Well Versed

"Mein Kampf" Goes Back In Print--in Germany. Good for the Jews?

For years, German scholars and the country’s most prominent Jewish organizations have argued that Germany should allow “Mein Kampf” to be published in Germany before the copyright expires, in 2015.  It is not illegal to publish the book in Germany, but the state of Bavaria, which holds the copyright, had adamantly refused for decades, saying that the longer the book was out of print, the better.

Gertrude Stein: Why Her Fascist Politics Matter

Gertrude Stein’s collaboration with the fascist Vichy government was never a secret.  But, until now, many have simply ignored it; or, to use the critic Frederic Jameson’s phrase, given over to the “innocence of intellectuals.”  Stein’s avid support for Petain, the Nazi collaborator who headed the Vichy government, has often been written off as merely the tragic consequence of many a brilliant artists.  What mattered was her prose, not her politics.

Dave Eggers' Pusillanimity: Notes for L'Affaire Gunter Grass

Dave Eggers, the literary wunderkind, almost mustered some courage.  This week he refused to go to Germany to accept the prestigious, $50,000 literary award created by Gunter Grass—the Nobel laureate who recently caused on international uproar over his poem chastising Israel for threatening global stability.  But Eggers’ seeming act of courage was more apparent than real.  Essentially, he declined the award because he didn’t wan

Can Drake Save the Bar Mitzvah?

When Drake’s new video, “HYFR,” dropped over the weekend—in which the Jewish, biracial hip-hop superstar raps at a bar mitzvah—I was thrilled. Initially.

Bob Dylan--and Ron Rosenbuam's--Problem with God

When the Ron Rosenbaum was researching his upcoming biography of Bob Dylan—to be published as part of Yale University Press’s Jewish Lives Series—he came across an obscure quote. In the mid-‘60s Dylan had written an experimental novel almost impossible to read. But being a diligent journalist, Rosenbaum muscled through the novel (“Tarantula”) and found a poem that included these lines: “hitler did not change / history. hitler WAS history.”

That was all he needed to stake a provocative new interpretation of Dylan. 

The Passover Rap Video Everyone's Talking About, and the Story Behind It

A couple of weeks ago, a Passover rap video—all in Hebrew, and with beat-boxing—went viral.  It featured two fairly typical looking American Jews dressed up as Pharaoh, Moses, and a sleuth of other biblical characters.  Then there were scenes of a Jewish girl in an Israeli-flag bikini; the two main singers playing poker in a retirement community; and then them again, rapping on a beach lined with skyscrapers. I thought, Wait, I know that place: Florida.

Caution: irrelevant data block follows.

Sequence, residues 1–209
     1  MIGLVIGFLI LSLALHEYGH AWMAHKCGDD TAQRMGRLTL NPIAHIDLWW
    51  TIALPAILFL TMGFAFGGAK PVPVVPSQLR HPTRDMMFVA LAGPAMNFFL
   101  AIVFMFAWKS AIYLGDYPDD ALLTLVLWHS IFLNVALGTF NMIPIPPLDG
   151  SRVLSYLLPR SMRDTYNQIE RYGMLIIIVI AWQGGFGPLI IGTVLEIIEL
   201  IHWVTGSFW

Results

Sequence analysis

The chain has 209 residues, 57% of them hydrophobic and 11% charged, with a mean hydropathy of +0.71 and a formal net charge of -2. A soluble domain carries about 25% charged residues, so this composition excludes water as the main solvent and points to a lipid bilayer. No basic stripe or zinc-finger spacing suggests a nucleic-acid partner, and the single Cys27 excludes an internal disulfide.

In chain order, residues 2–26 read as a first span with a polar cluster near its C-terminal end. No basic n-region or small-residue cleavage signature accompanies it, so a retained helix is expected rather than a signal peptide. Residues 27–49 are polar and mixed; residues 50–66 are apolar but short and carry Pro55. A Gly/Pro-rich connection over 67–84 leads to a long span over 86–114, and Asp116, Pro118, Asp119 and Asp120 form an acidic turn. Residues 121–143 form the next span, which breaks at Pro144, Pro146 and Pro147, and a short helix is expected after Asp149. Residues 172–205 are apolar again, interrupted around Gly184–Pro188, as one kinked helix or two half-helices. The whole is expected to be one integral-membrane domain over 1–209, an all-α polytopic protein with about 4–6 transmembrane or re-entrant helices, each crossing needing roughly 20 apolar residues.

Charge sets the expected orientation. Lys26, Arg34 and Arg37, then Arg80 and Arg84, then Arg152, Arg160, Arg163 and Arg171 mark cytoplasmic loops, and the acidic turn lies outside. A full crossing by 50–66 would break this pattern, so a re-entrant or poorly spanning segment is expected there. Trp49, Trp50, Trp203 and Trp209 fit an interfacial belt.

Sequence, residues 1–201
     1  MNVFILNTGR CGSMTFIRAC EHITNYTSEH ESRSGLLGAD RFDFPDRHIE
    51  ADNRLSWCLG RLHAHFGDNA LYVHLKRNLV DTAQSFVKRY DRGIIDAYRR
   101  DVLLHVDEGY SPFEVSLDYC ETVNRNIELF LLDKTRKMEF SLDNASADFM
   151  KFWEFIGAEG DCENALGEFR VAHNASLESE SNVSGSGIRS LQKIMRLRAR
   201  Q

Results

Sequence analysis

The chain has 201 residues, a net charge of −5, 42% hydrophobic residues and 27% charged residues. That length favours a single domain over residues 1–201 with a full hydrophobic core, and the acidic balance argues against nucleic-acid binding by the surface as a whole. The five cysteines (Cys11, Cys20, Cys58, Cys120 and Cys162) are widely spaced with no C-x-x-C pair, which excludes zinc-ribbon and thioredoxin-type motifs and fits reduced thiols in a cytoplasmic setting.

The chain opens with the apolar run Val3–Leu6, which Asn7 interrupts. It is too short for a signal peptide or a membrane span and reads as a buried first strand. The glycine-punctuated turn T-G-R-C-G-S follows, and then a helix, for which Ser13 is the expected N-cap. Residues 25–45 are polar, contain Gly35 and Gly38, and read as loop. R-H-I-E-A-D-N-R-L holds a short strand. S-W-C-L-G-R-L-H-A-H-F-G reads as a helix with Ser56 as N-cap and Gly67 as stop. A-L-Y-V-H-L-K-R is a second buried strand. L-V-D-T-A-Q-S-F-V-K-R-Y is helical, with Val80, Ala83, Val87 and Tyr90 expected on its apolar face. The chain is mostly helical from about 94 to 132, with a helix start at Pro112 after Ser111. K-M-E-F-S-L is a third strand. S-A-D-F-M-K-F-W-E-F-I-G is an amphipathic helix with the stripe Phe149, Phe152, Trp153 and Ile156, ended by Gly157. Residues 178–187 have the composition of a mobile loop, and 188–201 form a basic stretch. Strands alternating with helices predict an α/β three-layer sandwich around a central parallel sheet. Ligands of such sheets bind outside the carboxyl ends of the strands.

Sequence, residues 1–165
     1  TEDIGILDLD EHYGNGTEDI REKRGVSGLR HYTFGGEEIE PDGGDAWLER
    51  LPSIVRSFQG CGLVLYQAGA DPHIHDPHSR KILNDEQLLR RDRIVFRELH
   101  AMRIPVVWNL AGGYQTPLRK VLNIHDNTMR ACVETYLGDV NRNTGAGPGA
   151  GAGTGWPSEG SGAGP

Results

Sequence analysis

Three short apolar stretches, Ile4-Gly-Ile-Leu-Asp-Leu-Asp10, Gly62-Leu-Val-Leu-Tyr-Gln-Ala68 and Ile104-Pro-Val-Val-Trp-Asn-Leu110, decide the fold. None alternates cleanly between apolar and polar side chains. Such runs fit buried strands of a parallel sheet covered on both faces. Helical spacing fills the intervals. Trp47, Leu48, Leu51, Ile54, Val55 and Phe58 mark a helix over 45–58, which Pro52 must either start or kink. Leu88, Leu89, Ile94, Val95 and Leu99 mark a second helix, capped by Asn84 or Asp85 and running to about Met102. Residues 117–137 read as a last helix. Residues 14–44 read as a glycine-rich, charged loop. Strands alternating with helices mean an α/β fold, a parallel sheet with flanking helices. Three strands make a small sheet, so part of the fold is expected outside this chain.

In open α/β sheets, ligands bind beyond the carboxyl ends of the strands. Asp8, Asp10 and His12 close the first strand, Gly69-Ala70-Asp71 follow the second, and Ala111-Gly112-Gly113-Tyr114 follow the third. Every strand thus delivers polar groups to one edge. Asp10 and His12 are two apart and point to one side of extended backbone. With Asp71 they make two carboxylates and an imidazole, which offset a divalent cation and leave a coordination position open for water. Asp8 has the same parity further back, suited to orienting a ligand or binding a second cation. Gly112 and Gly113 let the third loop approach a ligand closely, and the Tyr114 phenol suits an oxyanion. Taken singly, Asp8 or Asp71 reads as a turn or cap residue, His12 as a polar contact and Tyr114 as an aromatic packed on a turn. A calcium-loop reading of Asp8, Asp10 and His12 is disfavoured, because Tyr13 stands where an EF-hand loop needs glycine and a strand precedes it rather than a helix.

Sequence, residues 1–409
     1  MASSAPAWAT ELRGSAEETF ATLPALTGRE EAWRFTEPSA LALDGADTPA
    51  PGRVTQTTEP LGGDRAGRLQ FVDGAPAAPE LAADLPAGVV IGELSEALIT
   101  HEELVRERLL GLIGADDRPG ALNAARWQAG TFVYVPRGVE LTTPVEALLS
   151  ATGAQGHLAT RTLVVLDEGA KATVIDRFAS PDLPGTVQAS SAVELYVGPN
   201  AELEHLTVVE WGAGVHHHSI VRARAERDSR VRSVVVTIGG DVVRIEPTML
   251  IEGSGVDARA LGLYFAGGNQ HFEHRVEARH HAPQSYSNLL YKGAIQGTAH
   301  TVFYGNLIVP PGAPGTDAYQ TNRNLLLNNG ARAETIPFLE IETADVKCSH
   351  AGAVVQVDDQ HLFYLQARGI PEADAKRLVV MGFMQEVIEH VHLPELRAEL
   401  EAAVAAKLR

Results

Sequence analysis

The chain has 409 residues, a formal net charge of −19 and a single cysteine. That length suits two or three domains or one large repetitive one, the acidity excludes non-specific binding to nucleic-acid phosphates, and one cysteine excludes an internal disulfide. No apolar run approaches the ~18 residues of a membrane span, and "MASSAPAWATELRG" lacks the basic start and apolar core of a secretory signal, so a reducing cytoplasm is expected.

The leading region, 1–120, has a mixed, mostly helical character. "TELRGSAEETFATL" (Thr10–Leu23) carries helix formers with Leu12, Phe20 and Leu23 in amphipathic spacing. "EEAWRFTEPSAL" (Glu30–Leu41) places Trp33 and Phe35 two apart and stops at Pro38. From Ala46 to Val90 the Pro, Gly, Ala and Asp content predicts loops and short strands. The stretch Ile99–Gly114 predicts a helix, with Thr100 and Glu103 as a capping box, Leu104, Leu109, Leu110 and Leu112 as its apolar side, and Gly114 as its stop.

Ohad Naharin, and the Art of Provocation

Ohad Naharin, the Israeli choreographer, is so synonymous with his home country that I often forget he did much of his formal training in the United States.  In New York, in fact, at both the School of American Ballet and Juilliard. I get a vivid reminder of that this weekend, when Juilliard’s remarkable ensemble of student dancers performed his work “Secus,” from 2005.

On Adrienne Rich, R.I.P., and Radical Transformation

For the first half of her life, the woman born Adrienne Cecile Rich, in Baltimore, 1929, lived the life you would have expected.  She was baptized and raised in the Episcopalian church; her father was a medical professor at Johns Hopkins; her mother a pianist and composer.  Adrienne went to Radcliffe and wrote poetry.  By 1950, the kingmaker of mid-century poets, W.H. Auden, helped her publish her first collection, “A Change of World,” which featured accomplished if rather dull formal English verse—punctual meters, rhymes, etc.

No More Questions: Leon Wieseltier and the New American Haggadah

If Leon Wieseltier would for once drop his surly, admonitory tone perhaps more people would listen.  For what he delivers in his scathing review of the New American Haggadah is certainly worth reading.  There are precious few people who are as learned in both Hebrew and English literature as he.  And that’s why, even if you disagree with his reading of the new Haggadah, you will undoubte

On the Jewish Mount Rushmore, Would Ulysses S. Grant Make it?

Do you ever wonder what, one hundred years from now, historians will make of Obama’s record?  And how about something more specific: his record with Jews?  I do.  But reading Jenna Weissman Joselit’s review of a new book on Ulysses S.

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